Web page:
Every grandparents’ day, my parents take my nephew out for a meal to enjoy some special time with him. This is something he looks forward to every year. One year, their initial plan to go to a diner was thwarted by it being closed. My parents adjusted plans and went to a fast-food restaurant instead. My nephew was devastated when they drove away from the diner. Crying in frustration, he said, “this wasn’t in my plans!”
I have resonated a lot with my nephew as I reflect on the elements of my own frustrations. I had hoped that the racial awakening after the murder of George Floyd, and our collective compassion, grown from suffering a global pandemic together, might be a catalyst for change. And yet, the sense of justice and peace I hungered for feels more elusive than ever.
On this Holy Thursday, we are returned to Jesus washing the feet of his disciples. I often connect with Peter, who in his own exclamation of things “not being in his plans,” continues to misunderstand Jesus, and get things wrong: cutting off someone’s ear, denying Jesus, hiding in the upper room. Peter’s frustration is so palpable to me, the confusion of the injustice around us can be suffocating at times. We approach Easter, and yet our world does not seem any closer to ending wars, changing the course of climate change, eradicating systemic racism, or managing pandemic outbreaks.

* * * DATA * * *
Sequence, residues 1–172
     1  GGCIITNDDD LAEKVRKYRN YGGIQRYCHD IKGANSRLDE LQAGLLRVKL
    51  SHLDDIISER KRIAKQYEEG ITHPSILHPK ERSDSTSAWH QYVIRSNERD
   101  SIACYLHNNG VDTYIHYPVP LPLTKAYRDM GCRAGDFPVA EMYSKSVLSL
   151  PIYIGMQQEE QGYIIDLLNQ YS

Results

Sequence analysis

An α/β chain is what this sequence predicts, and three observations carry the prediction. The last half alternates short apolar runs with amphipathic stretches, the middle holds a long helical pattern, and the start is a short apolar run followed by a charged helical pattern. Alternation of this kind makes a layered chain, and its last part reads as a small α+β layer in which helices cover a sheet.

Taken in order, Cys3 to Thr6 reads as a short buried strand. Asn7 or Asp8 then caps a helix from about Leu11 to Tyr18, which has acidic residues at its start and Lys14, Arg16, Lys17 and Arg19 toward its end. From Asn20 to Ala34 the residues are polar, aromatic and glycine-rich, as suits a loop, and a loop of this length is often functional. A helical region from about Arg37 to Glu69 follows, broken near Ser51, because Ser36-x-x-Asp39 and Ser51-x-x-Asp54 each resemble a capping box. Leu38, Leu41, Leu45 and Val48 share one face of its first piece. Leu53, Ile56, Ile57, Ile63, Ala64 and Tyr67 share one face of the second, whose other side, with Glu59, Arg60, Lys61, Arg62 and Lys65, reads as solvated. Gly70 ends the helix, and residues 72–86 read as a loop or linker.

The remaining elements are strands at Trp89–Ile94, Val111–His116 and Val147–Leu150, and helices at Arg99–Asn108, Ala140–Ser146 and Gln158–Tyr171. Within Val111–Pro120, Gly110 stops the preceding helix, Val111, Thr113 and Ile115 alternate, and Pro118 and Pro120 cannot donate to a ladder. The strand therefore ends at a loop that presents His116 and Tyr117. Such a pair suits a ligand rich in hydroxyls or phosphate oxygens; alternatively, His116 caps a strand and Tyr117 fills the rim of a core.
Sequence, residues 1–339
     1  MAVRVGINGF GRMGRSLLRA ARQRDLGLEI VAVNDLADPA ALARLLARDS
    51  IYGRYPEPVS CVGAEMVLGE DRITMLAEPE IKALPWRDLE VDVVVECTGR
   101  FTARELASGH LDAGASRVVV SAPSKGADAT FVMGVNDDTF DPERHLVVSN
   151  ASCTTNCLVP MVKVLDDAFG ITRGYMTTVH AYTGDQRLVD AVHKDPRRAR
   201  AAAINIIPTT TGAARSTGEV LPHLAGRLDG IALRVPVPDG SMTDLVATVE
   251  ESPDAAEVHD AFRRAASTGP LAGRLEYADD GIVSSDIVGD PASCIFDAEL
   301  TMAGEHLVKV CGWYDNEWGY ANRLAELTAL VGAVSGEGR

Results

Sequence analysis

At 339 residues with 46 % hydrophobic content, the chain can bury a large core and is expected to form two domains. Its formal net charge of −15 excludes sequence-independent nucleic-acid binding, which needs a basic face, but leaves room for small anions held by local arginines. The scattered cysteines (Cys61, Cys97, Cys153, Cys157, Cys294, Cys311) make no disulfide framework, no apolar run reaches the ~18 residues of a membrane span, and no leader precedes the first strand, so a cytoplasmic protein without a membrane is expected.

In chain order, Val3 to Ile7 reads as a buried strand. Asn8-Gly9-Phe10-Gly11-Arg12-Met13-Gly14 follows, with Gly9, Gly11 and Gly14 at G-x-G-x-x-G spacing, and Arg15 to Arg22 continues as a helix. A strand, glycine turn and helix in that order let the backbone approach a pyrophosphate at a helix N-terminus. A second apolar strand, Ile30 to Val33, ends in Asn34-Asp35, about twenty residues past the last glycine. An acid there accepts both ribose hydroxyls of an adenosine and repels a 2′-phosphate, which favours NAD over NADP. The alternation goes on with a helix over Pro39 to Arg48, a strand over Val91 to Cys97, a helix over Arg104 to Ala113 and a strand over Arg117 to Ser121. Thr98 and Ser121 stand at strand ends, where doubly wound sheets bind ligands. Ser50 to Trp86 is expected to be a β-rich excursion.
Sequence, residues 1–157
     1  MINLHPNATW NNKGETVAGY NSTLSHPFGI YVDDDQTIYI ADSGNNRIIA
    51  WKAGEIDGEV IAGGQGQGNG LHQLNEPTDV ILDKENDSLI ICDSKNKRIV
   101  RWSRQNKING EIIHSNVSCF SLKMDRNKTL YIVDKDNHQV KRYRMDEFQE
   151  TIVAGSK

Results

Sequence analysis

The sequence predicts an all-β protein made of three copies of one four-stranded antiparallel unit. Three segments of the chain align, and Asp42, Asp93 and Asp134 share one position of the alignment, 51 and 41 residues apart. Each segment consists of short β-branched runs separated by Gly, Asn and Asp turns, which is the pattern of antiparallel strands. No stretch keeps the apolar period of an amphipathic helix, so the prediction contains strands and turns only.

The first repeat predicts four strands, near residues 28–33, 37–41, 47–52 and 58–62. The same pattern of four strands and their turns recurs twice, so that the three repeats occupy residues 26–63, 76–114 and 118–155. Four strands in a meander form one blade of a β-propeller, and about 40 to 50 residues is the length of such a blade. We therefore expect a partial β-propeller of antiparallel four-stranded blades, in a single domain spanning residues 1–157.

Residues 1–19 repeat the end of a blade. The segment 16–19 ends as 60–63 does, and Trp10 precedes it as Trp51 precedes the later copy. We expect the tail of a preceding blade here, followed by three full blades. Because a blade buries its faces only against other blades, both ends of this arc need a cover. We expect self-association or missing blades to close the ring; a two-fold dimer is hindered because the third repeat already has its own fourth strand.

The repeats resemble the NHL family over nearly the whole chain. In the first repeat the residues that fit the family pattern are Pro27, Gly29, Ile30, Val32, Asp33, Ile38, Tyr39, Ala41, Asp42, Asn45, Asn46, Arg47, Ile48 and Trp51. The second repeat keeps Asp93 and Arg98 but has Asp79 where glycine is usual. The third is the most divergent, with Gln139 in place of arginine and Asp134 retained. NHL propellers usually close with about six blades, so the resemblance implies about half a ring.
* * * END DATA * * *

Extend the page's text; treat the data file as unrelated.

As Jesus ate his last supper, the world around him was not moving towards greater peace, but that did not stop him from offering a model of how to respond to the confusion and frustration we might find ourselves in. Jesus models a way to channel our frustration, by washing each other’s feet. In service to one another, we might channel our frustration into Holy Frustration.
- What thwarted plans are at the root of your frustration?
- In what way might we need to have our own feet washed of the frustrations we have been carrying?
- How can you wash someone else’s feet to respond to their frustration?
Marcos Gonzales believes in the power of education as a path towards our collective liberation. His pursuit of a faith that does justice has taken him from Micronesia as a Jesuit Volunteer to Los Angeles working at Homeboy Industries as a case manager and is now based in Chicago where he coordinates and facilitates spaces for folx seeking to create trauma-informed, anti-racist, and inclusive spaces across the U.S.